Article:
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Changing Seasons: Grandaddy brings their odd rock to Seattle’s Showbox

Posted by October 11th, 2003 No Comments »

Smart, hip people totally love Grandaddy.Changing Seasons: Grandaddy brings their odd rock to Seattle’s Showbox
By Todd Arkley, West Coast Kickball League Commissioner

The sound of Grandaddy brings you to an odd summer – it’s a dreamy and very, very hazy green field with a blue, sparsely clouded sky. Plenty of washed guitar, a lazy pace, and the element of deep electronic/studio manipulations. Within the band’s beautiful music, however, you start to pick out the lyrics and voice of Jason Lytle, vocalist and songwriter, and the mood changes. The more you listen, the odder this summer vibe becomes. In fact, the singing begins to add tones of displacement and melancholy to both the songs and to a weird summer.

Smart, hip people totally love Grandaddy.Changing Seasons: Grandaddy brings their odd rock to Seattle’s Showbox
By Todd Arkley, West Coast Kickball League Commissioner

The sound of Grandaddy brings you to an odd summer – it’s a dreamy and very, very hazy green field with a blue, sparsely clouded sky. Plenty of washed guitar, a lazy pace, and the element of deep electronic/studio manipulations. Within the band’s beautiful music, however, you start to pick out the lyrics and voice of Jason Lytle, vocalist and songwriter, and the mood changes. The more you listen, the odder this summer vibe becomes. In fact, the singing begins to add tones of displacement and melancholy to both the songs and to a weird summer.

Beautiful and sad? Not quite. It’s closer to beautiful and disconnected. Grandaddy thinks too much and cannot explain the world in simple, easy terms. So, if you live and love in Seattle, and your summer is slowly fading away, Grandaddy might provide you with a strange comfort.

Here’s this, from “The Final Push to the Sum” – “Most everything I see, becomes a blur to me, and I’m wasted because the fast pace is too much”. The lyrics, especially on their new album, Sumday, are meditations on confusion and sadness. “Trouble with people like me, tie ‘em down and then they vanish instantly” – “Lost on Yer Merry Way”.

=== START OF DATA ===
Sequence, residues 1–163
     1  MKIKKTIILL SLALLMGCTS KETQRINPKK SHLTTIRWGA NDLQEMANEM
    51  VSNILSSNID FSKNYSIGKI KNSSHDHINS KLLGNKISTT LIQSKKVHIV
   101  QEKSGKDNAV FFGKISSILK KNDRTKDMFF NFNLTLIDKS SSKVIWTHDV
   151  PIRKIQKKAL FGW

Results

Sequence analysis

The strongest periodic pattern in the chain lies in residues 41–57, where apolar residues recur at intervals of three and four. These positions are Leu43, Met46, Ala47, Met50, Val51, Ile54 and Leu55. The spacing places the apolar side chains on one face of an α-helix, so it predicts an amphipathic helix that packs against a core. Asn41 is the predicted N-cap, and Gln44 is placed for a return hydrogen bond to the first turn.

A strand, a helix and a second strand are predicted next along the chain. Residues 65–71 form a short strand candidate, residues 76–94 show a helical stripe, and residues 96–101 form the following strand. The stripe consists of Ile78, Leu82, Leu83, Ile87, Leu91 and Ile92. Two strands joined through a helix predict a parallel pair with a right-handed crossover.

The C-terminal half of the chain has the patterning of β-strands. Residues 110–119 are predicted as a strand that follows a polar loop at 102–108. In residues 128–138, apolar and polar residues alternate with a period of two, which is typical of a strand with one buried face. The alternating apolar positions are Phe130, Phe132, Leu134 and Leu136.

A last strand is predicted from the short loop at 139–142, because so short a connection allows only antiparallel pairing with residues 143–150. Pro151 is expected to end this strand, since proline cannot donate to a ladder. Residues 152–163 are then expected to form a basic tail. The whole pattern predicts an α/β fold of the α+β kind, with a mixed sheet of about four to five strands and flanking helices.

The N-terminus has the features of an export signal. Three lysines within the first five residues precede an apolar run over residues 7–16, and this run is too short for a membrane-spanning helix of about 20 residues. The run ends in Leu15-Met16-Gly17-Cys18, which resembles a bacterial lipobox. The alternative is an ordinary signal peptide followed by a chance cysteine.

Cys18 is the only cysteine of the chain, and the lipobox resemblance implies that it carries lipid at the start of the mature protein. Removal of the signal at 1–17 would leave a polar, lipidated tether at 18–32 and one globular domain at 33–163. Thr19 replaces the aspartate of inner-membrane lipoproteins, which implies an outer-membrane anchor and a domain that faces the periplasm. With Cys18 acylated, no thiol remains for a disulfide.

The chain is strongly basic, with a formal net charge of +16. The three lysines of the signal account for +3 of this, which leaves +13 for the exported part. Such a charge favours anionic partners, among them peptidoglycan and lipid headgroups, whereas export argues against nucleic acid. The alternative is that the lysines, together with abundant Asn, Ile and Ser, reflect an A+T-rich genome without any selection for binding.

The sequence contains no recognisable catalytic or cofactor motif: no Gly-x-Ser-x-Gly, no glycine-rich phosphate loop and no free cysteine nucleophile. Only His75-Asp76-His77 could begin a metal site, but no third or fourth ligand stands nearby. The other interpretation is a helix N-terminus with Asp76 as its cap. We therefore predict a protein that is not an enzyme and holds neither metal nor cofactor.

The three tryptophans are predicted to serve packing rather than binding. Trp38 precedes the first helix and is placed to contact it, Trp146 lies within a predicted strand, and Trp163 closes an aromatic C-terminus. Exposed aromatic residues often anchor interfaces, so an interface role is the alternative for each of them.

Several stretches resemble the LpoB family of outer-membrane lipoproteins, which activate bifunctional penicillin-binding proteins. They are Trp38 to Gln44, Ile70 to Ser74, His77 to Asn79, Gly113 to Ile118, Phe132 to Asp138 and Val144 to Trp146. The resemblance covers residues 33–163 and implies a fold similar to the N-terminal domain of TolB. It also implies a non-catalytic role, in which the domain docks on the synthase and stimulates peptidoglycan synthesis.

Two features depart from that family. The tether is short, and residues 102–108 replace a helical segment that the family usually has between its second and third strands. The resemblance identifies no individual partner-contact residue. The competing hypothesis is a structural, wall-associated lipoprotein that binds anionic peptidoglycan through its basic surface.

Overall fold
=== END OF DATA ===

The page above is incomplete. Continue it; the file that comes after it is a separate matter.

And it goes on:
Grandaddy aren’t simply depressed about politics, nature, or war. Something more fundamental concerns them – you could call it spirituality or maybe just plain existence. How does this world work? How do its people make it from one day to the next despite increasingly complex technology that enables escalating and more refined methods of insuring that none of us ever have to truly interact, with each other or, more importantly, with the conditions that make up our lives? Grandaddy sings and sings and sings about this disconnect, this loss of soul.

So why see them now? In Seattle, as you know, fall and winter are inexorably coming back. These seasons don’t give each other much space – they bleed into each other enough to simply create the “grey days” (to borrow an expression from my dad). We really only have two seasons here, sun and grey. So as we move between seasons, our music must change as well – more melancholia, more texture, more of a rained-out pace. On Friday, October 17th, at the Showbox, Grandaddy will be there to help you through the gloom, along with Elbow and the Starlight Mints.

Listen to their music carefully, remember sunnier times, and think of the grey days ahead. Take the complicated thoughts of Grandaddy and let the midpaced, misplaced music flow, and let it prepare you for the cold Seattle season that lies ahead. Todd fills his pants in fear of the mighty Pirate kickball team.


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